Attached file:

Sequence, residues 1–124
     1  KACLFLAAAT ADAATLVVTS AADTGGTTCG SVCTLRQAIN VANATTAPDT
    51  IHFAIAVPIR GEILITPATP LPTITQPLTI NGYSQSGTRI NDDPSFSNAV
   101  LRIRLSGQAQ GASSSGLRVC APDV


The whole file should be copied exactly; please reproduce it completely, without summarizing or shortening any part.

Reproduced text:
Sequence, residues 1–124
     1  KACLFLAAAT ADAATLVVTS AADTGGTTCG SVCTLRQAIN VANATTAPDT
    51  IHFAIAVPIR GEILITPATP LPTITQPLTI NGYSQSGTRI NDDPSFSNAV
   101  LRIRLSGQAQ GASSSGLRVC APDV